10 Major Differences Between High School & College

After months of nervous anticipation filled with studying College Confidential and avidly investigating professors on CULPA, you finally arrive on campus. During NSOP week, everyone runs around, embracing their newfangled freedoms gleefully. But as soon as classes begin, it can become very apparent that college is truly different in every way from high school. Here are 10 of the biggest differences you may face:

  1. 1. College classes do not meet with the same frequency as high school classes.

    Eight classes every single day was the standard for many of us that attended American high schools. However, the scheduling system becomes very different in college. Classes typically meet only two to three times a week, as opposed to the standard five-day calendar. Additionally, courses will only last one semester as opposed to the two semesters which is typical for high school. Generally, class duration is one hour and fifteen minutes, so you may only spend three hours “in the classroom” per day. In addition to your classes, many courses require mandatory recitations held by TAs to review, reiterate, and discuss the material. Recitations typically occur later in the afternoon, after most lecture classes have ended.

  2. 2. You won’t have assessments every single day. 

    In high school it may not have been uncommon to have a physics, calculus, and Spanish test all in the same week. Fortunately, in college the major assessments and grades will be far less frequent. However, this means that it is crucial to invest a great deal of thought and effort into each assignment because each one carries more weight. Most classes will have between three and five grades for the entire duration of the course. Your performance on those assessments will greatly determine your grade.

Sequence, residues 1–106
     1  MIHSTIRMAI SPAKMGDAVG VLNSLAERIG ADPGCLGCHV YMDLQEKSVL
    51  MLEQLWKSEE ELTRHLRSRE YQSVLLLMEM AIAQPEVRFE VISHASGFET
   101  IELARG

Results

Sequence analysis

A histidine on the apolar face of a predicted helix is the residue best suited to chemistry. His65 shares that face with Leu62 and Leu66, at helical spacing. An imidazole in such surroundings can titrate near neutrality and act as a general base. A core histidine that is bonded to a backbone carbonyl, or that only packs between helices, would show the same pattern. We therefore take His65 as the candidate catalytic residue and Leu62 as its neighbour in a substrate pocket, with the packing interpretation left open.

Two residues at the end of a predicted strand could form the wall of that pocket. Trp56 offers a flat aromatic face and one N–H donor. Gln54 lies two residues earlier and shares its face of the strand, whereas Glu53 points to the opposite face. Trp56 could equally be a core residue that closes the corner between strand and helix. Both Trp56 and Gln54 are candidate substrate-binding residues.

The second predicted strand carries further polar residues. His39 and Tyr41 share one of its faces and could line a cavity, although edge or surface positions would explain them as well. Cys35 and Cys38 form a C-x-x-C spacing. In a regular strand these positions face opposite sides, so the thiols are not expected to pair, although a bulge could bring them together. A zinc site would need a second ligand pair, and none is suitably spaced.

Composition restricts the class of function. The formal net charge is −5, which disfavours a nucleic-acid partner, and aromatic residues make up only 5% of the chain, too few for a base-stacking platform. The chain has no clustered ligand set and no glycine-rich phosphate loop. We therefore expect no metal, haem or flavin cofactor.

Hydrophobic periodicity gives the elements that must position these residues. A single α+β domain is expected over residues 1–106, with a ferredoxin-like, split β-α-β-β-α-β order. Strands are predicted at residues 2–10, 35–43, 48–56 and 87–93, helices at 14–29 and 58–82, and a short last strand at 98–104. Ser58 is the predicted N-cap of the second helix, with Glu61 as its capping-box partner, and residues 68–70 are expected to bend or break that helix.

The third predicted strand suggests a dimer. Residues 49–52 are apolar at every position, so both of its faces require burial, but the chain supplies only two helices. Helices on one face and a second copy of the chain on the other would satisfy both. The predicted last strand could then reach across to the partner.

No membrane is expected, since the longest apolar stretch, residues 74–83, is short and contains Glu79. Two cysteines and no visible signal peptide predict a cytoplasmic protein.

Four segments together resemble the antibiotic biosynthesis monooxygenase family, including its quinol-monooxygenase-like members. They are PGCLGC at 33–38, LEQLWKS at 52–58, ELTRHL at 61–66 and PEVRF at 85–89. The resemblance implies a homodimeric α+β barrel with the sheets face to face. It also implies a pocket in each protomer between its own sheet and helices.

3. 3. Extracurricular activities meet at all times of the day.

    Are you used to marching band happening right before school? Or cross country happening during your last class period? No longer will these activities be linked to your school schedule. Most clubs meet in the late evening, but team activities may meet in the early morning before classes. Ultimately, this allows you to become as involved as you would like and to explore many different things! 

  4. 4. You must learn to manage time on your own.

    There will no longer be any parents or teachers holding your feet to the fire about work. It is truly up to you to decide how and when to work. Professors also will seldom remind you about what chapters and materials to read, so you must be attentive in class to supplement your learning later. The good news about this is that you can study whenever you want! 3 a.m. (although we do not endorse or suggest this)? Sure! 7:30 in the morning? A little better! You can even sleep in until noon and decide to take all afternoon and evening courses!

  5. 5. Class options are much more varied.

    Do you want to take a class about dinosaurs? What about witches? Astrology? As compared to the generic high school offerings of biology, algebra, and English, there are hundreds of interesting courses offered for students at Barnard, Columbia College, SEAS, and General Studies. The courses truly cater to the interests of everyone and you are sure to find at least one class that can appeal to one of your quirks!